Study Reference: The Relationship Between Work-Disability Duration and Claimant’s Expected Time to Return to Work as Recorded by Workers’ Compensation Claims Managers https://www.ncbi.nlm.nih.gov/pubmed/27460477
Hey there, Michael Stack here, CEO of Amaxx and Happy New Year to you as we start this fresh decade in January of 2020. Now, one of the cool things about this time of year as you’ve likely done some planning or some goal setting or setting some expectations for what you want to happen in this year and in this decade to come and maybe reflecting on what went well in the past year or the past decade that we just left behind.
As we started on this new year, I want to give you one quick tip and far as worker’s compensation return to work, a piece that you could integrate into your return to work program and just have that much more accurate expectations. If we think about James Allen’s book As a Man Thinketh, he says that basically what we think about has the greatest odds of actually happening and that is very true in workers’ compensation as well.
When Do You Think You’ll Return To Work?
There was a study in 2016 that looked at the correlation between the expected return to work times and then what actually happens and you’ll see a link to that study below here and I want to have you ask this question, when do you think you’ll return to work?
When do you think you’ll return to work? And the answers will be very accurate as far as the correlation. That’s what this study proved, and I’ve got to run through these numbers here quickly. It was 43% that expected they would be back to work. I’m sorry this is wrong. In less than seven days were accurate. So, 43% had the expectation. They said, yeah, I’ll be back to work in less than seven days. And they were accurate with their assessment. 22% said, yeah, I think I’m going to be back to work in greater than seven days. And they were accurate with their assessment. These are not ‘johnny on the spot’ as far as, okay, 95% of the time. But there’s a significant correlation and that’s the point of getting that understanding of what their expectation is and this one was the most accurate.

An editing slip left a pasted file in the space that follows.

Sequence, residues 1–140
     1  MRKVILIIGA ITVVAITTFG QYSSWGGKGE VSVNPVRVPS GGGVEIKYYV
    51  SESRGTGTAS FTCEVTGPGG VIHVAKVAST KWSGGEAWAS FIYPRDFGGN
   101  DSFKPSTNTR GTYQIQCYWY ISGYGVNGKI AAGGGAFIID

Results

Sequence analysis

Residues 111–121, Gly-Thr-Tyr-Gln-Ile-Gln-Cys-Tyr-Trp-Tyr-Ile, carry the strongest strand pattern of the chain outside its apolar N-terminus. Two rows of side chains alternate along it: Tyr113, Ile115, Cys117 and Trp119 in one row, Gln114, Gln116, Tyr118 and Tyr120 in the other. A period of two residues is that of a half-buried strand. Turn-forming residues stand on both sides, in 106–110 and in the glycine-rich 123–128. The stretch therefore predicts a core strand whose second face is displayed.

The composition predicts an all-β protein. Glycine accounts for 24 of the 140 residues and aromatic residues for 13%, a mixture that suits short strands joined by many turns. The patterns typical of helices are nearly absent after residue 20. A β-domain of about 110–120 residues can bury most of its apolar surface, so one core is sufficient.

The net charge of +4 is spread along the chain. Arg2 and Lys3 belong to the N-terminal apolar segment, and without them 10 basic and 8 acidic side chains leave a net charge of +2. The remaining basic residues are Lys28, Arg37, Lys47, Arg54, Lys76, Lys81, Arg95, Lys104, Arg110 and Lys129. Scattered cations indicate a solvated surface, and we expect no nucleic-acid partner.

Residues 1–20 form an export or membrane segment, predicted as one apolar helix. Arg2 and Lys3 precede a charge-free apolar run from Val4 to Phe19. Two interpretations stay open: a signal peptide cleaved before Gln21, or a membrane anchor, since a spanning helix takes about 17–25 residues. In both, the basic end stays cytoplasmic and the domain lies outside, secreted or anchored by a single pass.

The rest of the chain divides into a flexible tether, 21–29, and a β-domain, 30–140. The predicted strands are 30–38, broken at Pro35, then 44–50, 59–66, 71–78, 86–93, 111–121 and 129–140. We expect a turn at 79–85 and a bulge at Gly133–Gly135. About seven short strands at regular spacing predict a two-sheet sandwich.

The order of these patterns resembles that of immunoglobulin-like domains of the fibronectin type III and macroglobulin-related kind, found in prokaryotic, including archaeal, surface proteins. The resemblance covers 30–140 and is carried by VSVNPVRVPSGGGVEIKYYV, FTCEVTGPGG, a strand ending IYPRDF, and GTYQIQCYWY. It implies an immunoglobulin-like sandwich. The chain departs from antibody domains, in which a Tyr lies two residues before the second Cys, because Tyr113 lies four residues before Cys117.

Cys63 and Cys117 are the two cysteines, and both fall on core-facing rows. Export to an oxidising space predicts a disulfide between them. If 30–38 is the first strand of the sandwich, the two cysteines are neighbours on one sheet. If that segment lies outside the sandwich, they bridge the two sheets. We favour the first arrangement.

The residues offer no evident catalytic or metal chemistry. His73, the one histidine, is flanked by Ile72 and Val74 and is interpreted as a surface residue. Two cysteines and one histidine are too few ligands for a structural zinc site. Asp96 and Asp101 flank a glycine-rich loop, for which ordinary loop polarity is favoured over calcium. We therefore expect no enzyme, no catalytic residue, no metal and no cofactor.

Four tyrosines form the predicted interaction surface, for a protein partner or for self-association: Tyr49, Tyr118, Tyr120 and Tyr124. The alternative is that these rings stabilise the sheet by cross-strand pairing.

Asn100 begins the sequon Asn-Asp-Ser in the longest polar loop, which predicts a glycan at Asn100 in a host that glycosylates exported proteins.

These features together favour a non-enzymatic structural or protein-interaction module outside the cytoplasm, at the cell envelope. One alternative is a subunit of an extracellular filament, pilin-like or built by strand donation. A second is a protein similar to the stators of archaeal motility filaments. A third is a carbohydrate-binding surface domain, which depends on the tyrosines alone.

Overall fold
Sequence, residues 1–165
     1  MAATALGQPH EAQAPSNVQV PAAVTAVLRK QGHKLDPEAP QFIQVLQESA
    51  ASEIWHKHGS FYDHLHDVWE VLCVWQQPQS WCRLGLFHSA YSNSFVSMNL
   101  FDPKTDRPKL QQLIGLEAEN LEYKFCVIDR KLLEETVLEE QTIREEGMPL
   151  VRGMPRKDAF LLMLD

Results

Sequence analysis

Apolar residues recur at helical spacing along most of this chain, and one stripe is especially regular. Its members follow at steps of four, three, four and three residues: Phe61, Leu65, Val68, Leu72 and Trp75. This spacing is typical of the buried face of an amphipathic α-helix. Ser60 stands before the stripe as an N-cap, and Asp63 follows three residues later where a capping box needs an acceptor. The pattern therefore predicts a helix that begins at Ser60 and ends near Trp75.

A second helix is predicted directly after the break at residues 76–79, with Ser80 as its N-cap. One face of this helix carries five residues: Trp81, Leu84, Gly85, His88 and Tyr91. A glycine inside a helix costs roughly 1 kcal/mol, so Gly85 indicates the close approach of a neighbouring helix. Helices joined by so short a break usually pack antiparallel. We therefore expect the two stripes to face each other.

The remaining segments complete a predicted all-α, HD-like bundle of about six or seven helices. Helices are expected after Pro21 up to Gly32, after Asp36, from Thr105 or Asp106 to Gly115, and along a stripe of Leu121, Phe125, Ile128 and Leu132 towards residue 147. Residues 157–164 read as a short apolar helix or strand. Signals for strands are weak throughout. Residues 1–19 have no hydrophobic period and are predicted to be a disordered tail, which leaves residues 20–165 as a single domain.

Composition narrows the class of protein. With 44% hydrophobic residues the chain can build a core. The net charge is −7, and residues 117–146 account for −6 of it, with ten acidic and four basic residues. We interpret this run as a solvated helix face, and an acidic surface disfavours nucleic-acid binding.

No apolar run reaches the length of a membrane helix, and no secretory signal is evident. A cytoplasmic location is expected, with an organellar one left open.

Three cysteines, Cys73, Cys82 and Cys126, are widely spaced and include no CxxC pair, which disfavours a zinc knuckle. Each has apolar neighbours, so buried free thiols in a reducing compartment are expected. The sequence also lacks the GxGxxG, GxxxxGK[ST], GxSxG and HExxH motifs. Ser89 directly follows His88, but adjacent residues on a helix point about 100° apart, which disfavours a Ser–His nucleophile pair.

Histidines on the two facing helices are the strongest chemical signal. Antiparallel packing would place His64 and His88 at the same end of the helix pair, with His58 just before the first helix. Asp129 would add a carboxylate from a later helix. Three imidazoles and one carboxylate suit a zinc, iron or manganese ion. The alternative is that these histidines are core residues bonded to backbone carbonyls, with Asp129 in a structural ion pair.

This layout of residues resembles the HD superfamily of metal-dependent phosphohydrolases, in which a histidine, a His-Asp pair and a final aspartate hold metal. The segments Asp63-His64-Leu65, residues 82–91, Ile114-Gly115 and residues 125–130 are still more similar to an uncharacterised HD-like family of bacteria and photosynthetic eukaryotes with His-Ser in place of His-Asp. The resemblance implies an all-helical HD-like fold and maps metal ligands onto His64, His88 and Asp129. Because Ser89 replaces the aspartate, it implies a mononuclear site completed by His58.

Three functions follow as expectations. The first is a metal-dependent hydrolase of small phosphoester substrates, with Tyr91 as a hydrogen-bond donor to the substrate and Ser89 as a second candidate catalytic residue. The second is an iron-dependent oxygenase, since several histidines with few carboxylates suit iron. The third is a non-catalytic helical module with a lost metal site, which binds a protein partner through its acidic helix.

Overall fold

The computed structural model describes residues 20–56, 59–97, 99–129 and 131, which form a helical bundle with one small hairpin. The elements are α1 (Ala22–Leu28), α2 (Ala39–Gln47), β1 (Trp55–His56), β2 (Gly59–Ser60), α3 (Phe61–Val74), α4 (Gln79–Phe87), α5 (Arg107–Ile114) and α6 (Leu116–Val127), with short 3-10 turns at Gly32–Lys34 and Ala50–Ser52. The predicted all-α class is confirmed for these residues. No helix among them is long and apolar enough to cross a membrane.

Expectations Predict Reality
This one was for people that expected that they would be out of work in greater than a hundred days or 181 days. There were actually returned room to work in seven days or less, so greater than 180 days. My expectation is I’m going to be out of work probably at least six months, you know, I can’t see myself getting back to work before then. Virtually none of them were back to work right away.
The point is, ask that question upfront, ask that question. When do you think you’ll be back to work? And you will get a pretty good indication as far as how to tailor your claims management strategies to that expectation to either help them along and confirm that, hey, you think you’re going to be back, let’s make sure you’re back. If you think you’re going to be out a lot longer, maybe we’re going to need some extra services on this such as nurse case management, etc, to help that claim move further along.
Happy new year to you. I’m excited for this year for you ahead to implement these best practices and see some of those tremendous results, because remember, your work today in workers’ compensation can have a dramatic impact on your company’s bottom line, but it will have a dramatic impact on someone’s life, so be great.
Author Michael Stack, CEO Amaxx LLC. He is an expert in workers’ compensation cost containment systems and helps employers reduce their workers’ comp costs by 20% to 50%. He works as a consultant to large and mid-market clients, is a co-author of Your Ultimate Guide To Mastering Workers Comp Costs, a comprehensive step-by-step manual of cost containment strategies based on hands-on field experience, and is founder & lead trainer of Amaxx Workers’ Comp Training Center .
Workers’ Comp Roundup Blog: http://blog.reduceyourworkerscomp.com/
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